Thursday, July 19, 2007

Just the tip of the iceberg: part II

Last week, I posted a story about how the government of Indonesia is seeking to retrieve $420 million of the money looted by their former dictator, Suharto. Now it appears that the government of Switzerland announced it would be returning $6.6 million dollars of money stolen by the late dictator Mobuto Sese Seko to the Democratic Republic of Congo.

As before, the proportion of loot returned is a pitiful fraction of the estimated $5 billion Mobutu is thought to have looted from the treasure of the country then known as Zaïre. How does Congo's current autocrat, Joseph Kabila, feel about his diminished windfall? Well. Kabila's spokeswoman diplomatically described Kabila as being "disappointed" at hearing that the Swiss only found $6.6 million dollars, but frankly, I can imagine his actual emotions were probably a little more intense. This $6.6 million appears to be the last remnants of the billions looted by Mobutu, as Mobutu's tangible real estate and other assets in Europe and Congo have long since been auctioned off - albeit for dimes and pennies on the dollar. So where the hell did the money go?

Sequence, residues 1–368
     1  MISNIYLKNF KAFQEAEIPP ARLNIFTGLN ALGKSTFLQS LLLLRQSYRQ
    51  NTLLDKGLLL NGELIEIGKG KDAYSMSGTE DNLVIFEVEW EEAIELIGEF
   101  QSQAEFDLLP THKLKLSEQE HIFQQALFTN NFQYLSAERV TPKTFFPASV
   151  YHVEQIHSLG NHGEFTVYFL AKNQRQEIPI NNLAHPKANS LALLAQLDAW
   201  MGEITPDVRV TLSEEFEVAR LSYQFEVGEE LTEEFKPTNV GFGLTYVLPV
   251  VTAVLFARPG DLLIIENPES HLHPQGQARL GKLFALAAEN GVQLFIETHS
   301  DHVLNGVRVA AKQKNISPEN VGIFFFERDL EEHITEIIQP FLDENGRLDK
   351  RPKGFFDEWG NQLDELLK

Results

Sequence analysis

While Mobutu certainly was one of history's greatest kleptocrats, efforts to find out where he's stashed the money have been time consuming and fruitless. Part of the problem, of course, is that while the sums looted by Mobutu were impressive, much of the money passed through his fingers almost as fast as he stole it. His fortune, mostly from assistance provided by the United States for Zaïre's development, bought the usual trinkets dictators waste their money. There was the luxury jumbo jet, lavish vacation homes in Europe, the usual fleet of pricey cars, and even an opulent palace with its own international airport deep in the heart of the jungle.

Time and money are fleeting, however, and nobody seems to have realized this more than Mobutu. The majority of the money was spent buying the loyalty of Mobutu's political enemies, most of whom forgot whatever grievances they had when a manila folder stuffed with $100 bills arrived mysteriously at their house. Under Mobutu, a ruling clique of kleptocrats nicknamed "les gros legumes" ("the big vegetables") emerged, all bought off with a steady stream of looted cash.

After all, Mobutu reasoned, why use violence when bribery will suffice?